"A Fine Literary Feast of Dietary Samplings",
a review by Carroll Quigley in The Washington Sunday Star,
March 31 1963,
of a book:
PHILOSOPHY IN THE TWENTIETH CENTURY,
by William Barrett and Henry D. Aiken.
New York: Random House, 1963
"A Fine Literary Feast of Dietary Samplings"
PHILOSOPHY IN THE TWENTIETH CENTURY edited by William Barrett and Henry D.
Random House, 4 volumes, boxed; $16.95.
Six years ago, Simon & Schuster published "The World of
Mathematics" in four volumes, edited by our Chevy Chase neighbor, James R.
Newman. Since then, in original, book club, and paperback versions, about a
quarter million sets of that wonderful book have been sold. Undoubtedly many of
these stand in unread neglect on their owners' shelves, but they were sold, and
publishers, for five years, have made unsuccessful efforts to find some similar
work in another field. In this boxed, four volume "Philosophy in the Twentieth
Century," edited by William Barrett of New York University and Henry D. Aiken of
Harvard University, Random House offers a candidate, not to replace Newman, but
to balance the other end of that book shelf.
Here, in four attractive volumes, are 91 selections from
twenty-seven philosophers of the last seventy years, introduced by commentary
from the two editors. Ten of these thinkers are represented by a single
selection; these range from a 64 page extract from Wittgenstein's "Blue Book" to
22 page selections from Royce, Bradley, Quine, Buber, Gilson and the French trio
of Marcel, Sartre, and Camus. The longest selection is the Wittgenstein, while
the shortest (3 pages) is from Santayana. The latter also has the largest number
of selections (15), William James coming next with seven.
These 91 selections are organized into six parts, demonstrating
pragmatism, analytical philosophy, positivism, phenomenology and existentialism,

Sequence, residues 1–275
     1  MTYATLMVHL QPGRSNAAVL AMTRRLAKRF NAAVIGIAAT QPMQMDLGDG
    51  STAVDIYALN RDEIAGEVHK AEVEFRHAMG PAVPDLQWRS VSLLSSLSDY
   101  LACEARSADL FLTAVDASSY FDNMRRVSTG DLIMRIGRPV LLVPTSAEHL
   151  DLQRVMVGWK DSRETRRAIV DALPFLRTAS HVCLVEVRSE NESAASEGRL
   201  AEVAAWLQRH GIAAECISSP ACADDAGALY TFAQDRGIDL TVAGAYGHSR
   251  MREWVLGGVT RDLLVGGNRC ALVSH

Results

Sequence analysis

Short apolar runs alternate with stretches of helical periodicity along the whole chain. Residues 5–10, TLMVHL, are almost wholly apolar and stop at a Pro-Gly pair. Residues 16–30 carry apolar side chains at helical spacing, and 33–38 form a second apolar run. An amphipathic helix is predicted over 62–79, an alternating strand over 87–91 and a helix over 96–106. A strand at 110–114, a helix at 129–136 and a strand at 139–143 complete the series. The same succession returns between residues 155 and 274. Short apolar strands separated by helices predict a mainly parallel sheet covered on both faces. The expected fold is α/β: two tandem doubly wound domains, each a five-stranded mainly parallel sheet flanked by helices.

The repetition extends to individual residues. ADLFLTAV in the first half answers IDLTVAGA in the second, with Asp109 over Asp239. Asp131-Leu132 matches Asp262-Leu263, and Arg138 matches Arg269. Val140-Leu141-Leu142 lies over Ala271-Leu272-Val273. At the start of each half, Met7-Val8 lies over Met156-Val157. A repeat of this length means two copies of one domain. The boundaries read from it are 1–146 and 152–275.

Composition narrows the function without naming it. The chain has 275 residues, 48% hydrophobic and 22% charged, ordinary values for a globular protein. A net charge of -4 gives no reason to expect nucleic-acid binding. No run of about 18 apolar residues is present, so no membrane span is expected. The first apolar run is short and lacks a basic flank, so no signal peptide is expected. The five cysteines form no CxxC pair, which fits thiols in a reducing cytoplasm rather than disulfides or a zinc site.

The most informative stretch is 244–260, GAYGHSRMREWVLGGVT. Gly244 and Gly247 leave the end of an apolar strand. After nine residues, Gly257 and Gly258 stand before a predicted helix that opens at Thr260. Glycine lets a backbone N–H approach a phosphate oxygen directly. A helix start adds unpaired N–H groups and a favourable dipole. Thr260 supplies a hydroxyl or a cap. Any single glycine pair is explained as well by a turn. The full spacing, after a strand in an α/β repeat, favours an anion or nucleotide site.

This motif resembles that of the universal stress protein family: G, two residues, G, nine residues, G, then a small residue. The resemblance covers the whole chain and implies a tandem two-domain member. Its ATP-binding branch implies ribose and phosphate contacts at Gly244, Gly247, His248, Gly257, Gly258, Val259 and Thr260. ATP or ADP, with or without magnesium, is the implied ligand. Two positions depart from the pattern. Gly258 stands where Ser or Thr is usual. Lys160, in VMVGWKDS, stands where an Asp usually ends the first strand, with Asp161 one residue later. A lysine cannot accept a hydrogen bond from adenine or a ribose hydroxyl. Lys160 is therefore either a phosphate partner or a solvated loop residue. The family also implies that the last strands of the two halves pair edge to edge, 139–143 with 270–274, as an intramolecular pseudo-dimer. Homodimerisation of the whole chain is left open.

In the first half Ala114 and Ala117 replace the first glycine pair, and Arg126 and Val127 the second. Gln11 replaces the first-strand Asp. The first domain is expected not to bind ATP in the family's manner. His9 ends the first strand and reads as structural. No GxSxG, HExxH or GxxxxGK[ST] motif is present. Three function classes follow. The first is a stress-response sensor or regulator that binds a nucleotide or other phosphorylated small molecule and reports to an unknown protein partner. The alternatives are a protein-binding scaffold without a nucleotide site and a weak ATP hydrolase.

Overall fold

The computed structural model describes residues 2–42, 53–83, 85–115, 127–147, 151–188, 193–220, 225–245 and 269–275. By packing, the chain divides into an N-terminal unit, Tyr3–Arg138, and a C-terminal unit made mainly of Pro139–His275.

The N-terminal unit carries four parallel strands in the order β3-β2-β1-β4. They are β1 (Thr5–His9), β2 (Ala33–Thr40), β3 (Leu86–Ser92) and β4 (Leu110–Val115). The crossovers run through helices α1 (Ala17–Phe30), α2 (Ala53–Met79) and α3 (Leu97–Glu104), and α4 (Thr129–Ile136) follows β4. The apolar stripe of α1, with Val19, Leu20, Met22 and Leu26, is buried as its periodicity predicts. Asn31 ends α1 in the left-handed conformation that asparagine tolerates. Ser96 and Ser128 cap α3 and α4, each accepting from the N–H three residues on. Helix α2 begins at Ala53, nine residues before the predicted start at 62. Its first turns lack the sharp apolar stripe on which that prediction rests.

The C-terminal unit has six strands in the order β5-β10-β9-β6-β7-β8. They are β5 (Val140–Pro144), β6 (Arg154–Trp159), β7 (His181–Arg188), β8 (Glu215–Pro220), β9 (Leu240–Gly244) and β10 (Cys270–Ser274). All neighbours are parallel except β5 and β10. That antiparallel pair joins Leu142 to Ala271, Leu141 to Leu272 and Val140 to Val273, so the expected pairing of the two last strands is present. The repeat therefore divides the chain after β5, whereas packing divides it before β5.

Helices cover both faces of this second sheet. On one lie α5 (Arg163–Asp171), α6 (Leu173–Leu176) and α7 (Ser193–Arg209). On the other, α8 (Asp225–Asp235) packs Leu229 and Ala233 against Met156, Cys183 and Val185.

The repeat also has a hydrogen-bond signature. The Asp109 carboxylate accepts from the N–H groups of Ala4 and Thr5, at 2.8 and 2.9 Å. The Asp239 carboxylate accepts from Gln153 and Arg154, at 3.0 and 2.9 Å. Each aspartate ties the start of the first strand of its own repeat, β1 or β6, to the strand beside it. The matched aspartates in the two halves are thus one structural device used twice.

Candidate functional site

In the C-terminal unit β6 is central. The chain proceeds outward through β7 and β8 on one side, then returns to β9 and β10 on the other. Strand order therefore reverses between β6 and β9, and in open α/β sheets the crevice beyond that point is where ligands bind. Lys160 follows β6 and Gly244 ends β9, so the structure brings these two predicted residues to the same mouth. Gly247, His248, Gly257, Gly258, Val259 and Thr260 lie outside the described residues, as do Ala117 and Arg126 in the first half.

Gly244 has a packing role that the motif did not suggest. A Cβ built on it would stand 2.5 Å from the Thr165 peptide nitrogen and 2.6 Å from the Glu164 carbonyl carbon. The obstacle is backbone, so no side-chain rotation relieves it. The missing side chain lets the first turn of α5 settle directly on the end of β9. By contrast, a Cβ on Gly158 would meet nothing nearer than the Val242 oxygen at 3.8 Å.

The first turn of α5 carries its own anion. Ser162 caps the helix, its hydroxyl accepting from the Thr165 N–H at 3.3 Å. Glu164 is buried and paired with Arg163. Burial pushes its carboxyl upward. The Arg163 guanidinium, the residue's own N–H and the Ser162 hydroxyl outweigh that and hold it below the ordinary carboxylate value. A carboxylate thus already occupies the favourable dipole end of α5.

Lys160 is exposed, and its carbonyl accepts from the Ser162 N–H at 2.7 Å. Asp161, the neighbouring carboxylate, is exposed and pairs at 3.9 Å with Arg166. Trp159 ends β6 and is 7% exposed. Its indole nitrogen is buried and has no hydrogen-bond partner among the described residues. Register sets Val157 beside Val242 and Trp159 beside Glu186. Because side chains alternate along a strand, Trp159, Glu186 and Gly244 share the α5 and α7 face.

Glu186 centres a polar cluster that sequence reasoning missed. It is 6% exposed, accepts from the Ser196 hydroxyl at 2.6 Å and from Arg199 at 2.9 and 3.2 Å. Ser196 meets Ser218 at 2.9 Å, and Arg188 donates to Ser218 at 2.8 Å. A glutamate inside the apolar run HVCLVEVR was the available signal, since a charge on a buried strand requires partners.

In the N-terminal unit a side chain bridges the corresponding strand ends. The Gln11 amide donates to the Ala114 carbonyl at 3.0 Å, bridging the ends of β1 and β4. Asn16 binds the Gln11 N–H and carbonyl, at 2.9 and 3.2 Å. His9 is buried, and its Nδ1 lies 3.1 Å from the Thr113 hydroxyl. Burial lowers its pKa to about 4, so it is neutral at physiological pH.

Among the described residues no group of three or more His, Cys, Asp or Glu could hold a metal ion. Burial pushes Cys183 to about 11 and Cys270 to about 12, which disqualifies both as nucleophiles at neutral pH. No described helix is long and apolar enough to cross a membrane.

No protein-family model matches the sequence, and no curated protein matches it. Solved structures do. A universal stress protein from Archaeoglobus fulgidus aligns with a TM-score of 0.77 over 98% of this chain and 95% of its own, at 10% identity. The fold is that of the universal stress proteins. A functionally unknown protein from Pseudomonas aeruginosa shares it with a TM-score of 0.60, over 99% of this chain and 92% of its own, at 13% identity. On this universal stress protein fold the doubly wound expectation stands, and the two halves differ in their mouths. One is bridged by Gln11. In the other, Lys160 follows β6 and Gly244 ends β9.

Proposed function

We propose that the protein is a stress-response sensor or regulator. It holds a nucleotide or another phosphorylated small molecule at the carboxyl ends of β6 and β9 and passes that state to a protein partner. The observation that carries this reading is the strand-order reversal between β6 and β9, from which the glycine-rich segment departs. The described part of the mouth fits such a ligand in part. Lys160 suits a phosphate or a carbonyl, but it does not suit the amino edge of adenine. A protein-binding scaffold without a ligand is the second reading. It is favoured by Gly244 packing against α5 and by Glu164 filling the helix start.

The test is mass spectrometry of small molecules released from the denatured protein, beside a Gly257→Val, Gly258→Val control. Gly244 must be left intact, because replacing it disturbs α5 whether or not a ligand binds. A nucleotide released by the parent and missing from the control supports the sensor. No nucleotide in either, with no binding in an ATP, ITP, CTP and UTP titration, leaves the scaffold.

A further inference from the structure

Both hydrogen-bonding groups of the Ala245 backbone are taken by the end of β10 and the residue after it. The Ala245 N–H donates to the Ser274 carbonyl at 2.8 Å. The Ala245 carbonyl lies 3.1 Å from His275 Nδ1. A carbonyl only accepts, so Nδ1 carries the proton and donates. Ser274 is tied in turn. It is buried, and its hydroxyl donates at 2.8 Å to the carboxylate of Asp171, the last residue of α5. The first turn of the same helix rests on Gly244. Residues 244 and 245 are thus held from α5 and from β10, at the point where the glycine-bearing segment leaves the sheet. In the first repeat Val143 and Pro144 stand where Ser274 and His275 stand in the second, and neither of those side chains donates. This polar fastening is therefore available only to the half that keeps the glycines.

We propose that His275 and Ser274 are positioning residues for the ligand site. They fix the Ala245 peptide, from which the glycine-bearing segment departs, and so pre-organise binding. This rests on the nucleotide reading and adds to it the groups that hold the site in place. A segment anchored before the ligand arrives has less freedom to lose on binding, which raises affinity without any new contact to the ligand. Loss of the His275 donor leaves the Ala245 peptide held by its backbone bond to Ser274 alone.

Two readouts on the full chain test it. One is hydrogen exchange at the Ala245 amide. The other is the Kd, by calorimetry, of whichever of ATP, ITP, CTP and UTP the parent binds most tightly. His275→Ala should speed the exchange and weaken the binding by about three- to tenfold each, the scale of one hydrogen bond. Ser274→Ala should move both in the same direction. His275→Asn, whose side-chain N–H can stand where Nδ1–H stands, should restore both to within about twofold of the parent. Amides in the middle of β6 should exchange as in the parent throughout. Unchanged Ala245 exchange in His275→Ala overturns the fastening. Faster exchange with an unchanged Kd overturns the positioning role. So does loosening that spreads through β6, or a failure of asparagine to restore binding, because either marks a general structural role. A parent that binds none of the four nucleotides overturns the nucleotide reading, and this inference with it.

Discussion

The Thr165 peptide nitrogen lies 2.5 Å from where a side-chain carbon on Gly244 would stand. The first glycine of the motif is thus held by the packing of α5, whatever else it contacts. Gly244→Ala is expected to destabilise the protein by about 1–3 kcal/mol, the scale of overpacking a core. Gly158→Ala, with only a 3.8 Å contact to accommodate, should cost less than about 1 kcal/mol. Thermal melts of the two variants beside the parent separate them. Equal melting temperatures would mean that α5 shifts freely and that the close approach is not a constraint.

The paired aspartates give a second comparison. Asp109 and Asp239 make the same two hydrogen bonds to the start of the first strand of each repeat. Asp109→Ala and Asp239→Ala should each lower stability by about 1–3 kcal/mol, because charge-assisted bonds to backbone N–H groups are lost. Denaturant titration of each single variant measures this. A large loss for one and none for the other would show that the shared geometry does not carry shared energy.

philosophy of history, and neo-orthodoxy. The first two of these have a volume
each, while the last four have half as much each.
The commentary consists of eight passages, totaling 205 pages,
almost three-tenths of the whole. This whole of only 719 pages, is rather slim
fare for binding into four volumes, but this is undoubtedly one case where
quality is dominant over quantity.
There are no commentaries for individual selections; this is
different from Newman and is probably a drawback. The introductions to the six
sections seek to define each of the major movements and to place each writer in
the appropriate movement by giving some biographical information and an
indication of his salient characteristics. The selections don not always
demonstrate these characteristics, which the editors admit in most such cases.
As a whole, this is smorgasbord, but inevitably so; Newman, in his
“World of Mathematics” had a double advantage over Barrett and Aiken.
Mathematicians are in general agreement on most of their subject so that it has
objective, accepted features which can be presented to a student.
Moreover, portions of mathematics, especially proofs, can be
presented in brief and elegant fragments which have significance as isolated
entities. Philosophy lacks both of these features.
Philosophers agree on almost nothing significant, and each
philosopher’s “system” is a boundless and subjective whole from which no brief
fragments can be detached without violating the spirit of the whole.
This personal and subjective nature of a man’s “philosophy” is so
true that each of the present editors had to write his own introduction to the
work as a whole. They could agree on the introductions to the six parts but
could not see eye to eye on the 20th century as a whole since this could be
judged only in terms of the total outlook of each editor. Ergo: two general
Approached in this way, as smorgasbord -- that is samples of styles
and attitudes which do not attempt to present the "philosophy" of the writers
selected -- a work such as this has its function. Like a feast with dietary
samplings from all parts of the world, it creates impressions of varied
intensity and duration and may arouse interest in a people or area without
pretending to present the cuisine of any people as a whole.
In such a philosophic smorgasbord a concise and accurate guide to
the menu is needed. This is provided here in the editorial commentary, or, on a
lesser scale, in Professor Aiken's paperback rehearsal for these volumes called
"The Age of Ideology" (Mentor).
-- Carroll Quigley
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